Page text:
Chapter 82 – First Marriages

First Marriages

First marriages are arranged by the men folk usually, though often the wife had some say. A process of assessment and negotiation, weighing out the pros and cons of a good match. ‘What’s in it for me, for my family, for my name’? No real courting in many cases. That is how I married off my own children. I made excellent, valuable matches of all of them, though some less excellent than others, as things turn out.

As for myself, I was ready at nineteen. Time to move into the real world. Fifteen years at Oddi under the most extreme tutelage in all of Iceland. I was ready to strike out and make a name for myself. But I would need backing and resources to have the best start, otherwise I would have to start at the bottom, in common labor and spend years of servitude under a chieftain, who may or may not give me privilege. No, I must be put into an opportune marriage for the best start.

It was my eldest brother Thordur and foster brother Saemunder, Loftsson’s son, that worked together on the negotiation. They were the ones to choose, since Loftsson and my own father were dead and they had a good sense of what would be the most opportune for me and the Sturlunga clan. Bersi Vermundarson was that opportunity. He was a minor chieftain, with solid holdings, a good bank of cattle, sheep and labor and said to have a healthy trove of silver coin, earned through clever dealings, good business, and tithes.

I was brought to meetings with Bersi, during the marriage negotiations. I befriended him, he liked me, I liked him and thought he would make a satisfactory father-in-law, though he clearly was not the stripe of Loftsson. The girl was okay, for what that mattered. Bersi was most drawn to me because of my roots at Oddi. It was well known that those raised and educated there would have strong character and good prospects. I believe that even then, at our first meetings, that Bersi saw in me a good home for his wealth and power to pass to when his time came to go to Valhalla, or Heaven if the case may be, since he held a priesthood.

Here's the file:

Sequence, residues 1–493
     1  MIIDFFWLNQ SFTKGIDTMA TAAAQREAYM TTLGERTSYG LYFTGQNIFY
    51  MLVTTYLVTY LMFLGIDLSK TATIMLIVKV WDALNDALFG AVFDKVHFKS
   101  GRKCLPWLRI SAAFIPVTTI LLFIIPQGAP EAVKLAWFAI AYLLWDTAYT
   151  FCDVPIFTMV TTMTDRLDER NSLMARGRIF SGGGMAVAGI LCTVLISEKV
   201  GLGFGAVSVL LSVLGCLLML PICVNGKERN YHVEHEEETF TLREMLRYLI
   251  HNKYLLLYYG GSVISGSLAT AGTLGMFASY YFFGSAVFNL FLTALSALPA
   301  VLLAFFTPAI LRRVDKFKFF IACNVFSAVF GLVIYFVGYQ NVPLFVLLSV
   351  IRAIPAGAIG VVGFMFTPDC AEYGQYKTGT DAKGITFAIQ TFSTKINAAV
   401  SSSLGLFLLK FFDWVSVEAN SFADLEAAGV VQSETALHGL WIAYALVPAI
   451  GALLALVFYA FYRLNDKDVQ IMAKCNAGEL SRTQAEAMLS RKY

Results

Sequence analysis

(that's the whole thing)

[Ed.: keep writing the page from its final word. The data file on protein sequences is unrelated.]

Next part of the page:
I made friendly with the girl of course, but there was no spark for me. No matter it was a simple thing to do if it would make me an estate holder. Herdis, the only daughter of Father Bersi the Wealthy of Borg in Mýrar.

I took residence at Borg, married Herdis and we began to make a family right off. It wasn’t long after that Bersi took ill and it was clear that his life spirits were quickly departing him. I sat with him, cajoled him and in my way showed that I was caring for him, though this was a weak pretense. I confess that I was numb of any true feeling for Bersi; a strange thing to admit, I know, but watching him be slowly consumed into death meant little more to me than watching a witless sheep get sucked into the bog mire and disappear. I felt nothing and also confess that there were times during his dying that I wished him to hurry along so I could carry on with my life, take management of the estate that would be mine and grow my fortune and power.